Astronomers are constantly creating maps of the universe that amaze & impress at the same time. These maps are not simply pleasant to look at, but they also offer in-sights into our planetary systems & beyond.
Now, using the Low Frequency Array, a Pan European radio telescope, researchers from the Durham University with the help of a team of international scientists, mapped more than a quarter of the North sky, according to a statement issued by institution on Friday.
The new map shows around one million objects that have never been previously with any telescope and nearly 4 million objects that are new discoveries at radio wavelengths.
A new map of universe
“This project is so exciting to work. Every time we have created a map, our screens are full of new discoveries and objects that have never seen from human eyes before. Exploring the unknown phenomena that are blazing up in the energetic radio-universe is an incredible experience & our team is excited to publish these maps publicly,” said astronomer Timothy Shimwell of ASTRON & Leiden University.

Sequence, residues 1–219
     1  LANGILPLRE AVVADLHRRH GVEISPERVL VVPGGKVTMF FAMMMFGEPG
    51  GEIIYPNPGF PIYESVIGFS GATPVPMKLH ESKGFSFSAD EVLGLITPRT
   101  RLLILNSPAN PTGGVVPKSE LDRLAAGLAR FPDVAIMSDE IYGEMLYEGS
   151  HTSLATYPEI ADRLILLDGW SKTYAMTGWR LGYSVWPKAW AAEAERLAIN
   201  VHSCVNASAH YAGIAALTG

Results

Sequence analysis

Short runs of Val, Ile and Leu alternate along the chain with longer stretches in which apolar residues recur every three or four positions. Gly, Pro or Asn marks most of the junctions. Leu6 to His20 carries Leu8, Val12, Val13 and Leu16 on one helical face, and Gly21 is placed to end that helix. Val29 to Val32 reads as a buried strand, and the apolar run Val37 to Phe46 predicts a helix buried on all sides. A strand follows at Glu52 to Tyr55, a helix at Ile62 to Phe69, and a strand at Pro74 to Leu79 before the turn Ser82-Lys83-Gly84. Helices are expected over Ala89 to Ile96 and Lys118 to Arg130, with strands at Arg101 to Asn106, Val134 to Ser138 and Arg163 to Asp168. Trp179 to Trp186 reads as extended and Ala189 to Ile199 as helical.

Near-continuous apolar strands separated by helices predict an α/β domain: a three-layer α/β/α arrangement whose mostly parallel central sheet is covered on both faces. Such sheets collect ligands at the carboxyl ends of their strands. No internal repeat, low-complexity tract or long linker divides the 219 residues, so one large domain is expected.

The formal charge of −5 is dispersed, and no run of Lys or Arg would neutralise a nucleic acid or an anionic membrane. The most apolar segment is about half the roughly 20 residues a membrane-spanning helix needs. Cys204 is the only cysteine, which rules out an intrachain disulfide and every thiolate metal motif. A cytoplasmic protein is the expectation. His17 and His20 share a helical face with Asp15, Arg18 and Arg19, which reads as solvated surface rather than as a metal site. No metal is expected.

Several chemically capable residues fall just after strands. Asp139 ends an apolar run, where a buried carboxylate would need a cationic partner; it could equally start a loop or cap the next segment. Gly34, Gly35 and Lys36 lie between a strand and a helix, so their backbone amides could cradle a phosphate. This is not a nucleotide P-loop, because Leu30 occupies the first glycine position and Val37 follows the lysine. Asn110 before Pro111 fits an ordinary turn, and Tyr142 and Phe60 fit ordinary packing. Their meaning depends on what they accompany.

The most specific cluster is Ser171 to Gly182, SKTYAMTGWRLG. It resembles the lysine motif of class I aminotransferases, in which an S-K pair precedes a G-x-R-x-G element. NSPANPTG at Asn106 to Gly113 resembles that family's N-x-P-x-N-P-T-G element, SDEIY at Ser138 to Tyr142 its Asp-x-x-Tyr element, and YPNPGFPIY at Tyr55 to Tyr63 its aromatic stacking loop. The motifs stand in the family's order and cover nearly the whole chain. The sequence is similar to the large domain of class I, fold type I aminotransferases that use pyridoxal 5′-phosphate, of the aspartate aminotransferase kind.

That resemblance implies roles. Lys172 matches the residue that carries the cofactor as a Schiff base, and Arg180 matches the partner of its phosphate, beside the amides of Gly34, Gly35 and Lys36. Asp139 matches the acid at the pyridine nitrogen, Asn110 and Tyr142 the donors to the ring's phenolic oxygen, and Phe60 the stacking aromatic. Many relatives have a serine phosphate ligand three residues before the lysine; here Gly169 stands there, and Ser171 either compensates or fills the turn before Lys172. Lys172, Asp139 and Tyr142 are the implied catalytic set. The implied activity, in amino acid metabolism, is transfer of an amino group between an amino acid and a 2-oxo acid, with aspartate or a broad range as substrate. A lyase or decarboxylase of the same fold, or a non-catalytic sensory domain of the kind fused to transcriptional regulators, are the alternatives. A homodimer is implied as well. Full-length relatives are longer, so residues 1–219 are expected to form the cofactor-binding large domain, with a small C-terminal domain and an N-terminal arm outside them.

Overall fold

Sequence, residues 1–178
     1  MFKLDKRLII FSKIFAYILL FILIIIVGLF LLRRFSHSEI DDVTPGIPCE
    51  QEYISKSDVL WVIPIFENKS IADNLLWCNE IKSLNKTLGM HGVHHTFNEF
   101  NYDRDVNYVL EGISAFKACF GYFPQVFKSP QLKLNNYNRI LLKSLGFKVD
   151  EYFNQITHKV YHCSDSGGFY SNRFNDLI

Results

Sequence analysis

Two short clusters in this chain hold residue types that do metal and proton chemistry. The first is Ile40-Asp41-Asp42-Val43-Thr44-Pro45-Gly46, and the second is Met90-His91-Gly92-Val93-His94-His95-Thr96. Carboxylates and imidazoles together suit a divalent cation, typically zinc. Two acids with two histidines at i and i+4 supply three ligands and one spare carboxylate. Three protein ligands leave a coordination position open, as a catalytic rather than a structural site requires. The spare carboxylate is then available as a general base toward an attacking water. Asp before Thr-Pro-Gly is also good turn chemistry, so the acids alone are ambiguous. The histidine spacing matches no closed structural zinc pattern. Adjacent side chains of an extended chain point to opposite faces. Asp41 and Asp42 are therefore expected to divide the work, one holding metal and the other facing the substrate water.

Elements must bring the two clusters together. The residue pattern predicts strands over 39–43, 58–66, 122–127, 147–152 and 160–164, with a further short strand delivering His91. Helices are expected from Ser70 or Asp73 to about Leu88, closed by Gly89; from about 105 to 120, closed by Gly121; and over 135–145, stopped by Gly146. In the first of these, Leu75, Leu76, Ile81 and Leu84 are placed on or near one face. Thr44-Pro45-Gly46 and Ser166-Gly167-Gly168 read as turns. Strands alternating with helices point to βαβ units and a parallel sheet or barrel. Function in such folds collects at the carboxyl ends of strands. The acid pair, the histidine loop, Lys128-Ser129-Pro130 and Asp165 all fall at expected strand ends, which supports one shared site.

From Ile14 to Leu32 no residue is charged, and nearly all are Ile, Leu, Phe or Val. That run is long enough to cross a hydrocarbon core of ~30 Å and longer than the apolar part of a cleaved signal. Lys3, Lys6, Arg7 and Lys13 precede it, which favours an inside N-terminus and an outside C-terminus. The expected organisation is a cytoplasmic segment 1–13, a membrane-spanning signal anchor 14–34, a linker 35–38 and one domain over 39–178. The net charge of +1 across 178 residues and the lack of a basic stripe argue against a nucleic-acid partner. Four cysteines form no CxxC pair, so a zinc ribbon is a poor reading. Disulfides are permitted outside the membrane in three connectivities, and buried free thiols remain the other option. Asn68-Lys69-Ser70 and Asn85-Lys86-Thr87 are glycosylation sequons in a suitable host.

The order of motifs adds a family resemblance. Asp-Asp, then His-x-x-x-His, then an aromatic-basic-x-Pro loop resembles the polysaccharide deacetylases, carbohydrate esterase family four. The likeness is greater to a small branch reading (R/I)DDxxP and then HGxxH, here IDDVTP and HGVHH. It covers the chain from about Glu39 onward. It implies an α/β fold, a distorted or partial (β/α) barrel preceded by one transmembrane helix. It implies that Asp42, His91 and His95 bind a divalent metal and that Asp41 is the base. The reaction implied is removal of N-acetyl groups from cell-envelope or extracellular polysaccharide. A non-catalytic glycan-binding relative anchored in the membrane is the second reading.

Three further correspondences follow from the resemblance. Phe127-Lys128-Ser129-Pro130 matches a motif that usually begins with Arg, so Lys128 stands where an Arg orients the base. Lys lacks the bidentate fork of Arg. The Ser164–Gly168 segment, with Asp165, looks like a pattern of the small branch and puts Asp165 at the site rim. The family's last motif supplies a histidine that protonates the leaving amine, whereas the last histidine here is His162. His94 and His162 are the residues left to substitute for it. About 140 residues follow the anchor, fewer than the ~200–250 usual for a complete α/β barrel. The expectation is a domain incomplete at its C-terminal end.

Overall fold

The map shows over 4.4 million objects, the vast majority of which lie billions of light-years away. These majestic celestial objects tend to be either galaxies that harbor huge black holes or are rapidly growing new stars.
20,000 laptops worth of data
There are also some colliding clusters of distant galaxies & flaring stars. To obtain their images, the researchers had to analyze 3,500 hours of data, which takes up 8 petabytes of disk space (equivalent to about 20,000 laptops). And there are actually more observations to change.
“This version is only 27% of the total survey and we assume that there will be many more scientific advances in the future, including examining, as the largest structures of the universe grow, how black holes are formed & evolve, Physics that regulates the formation of stars in distant galaxies and even offers the most spectacular phases in the life of the stars in our own galaxy, “Shimwell concluded.
The study is published in the journal Astronomy and Astrophysics.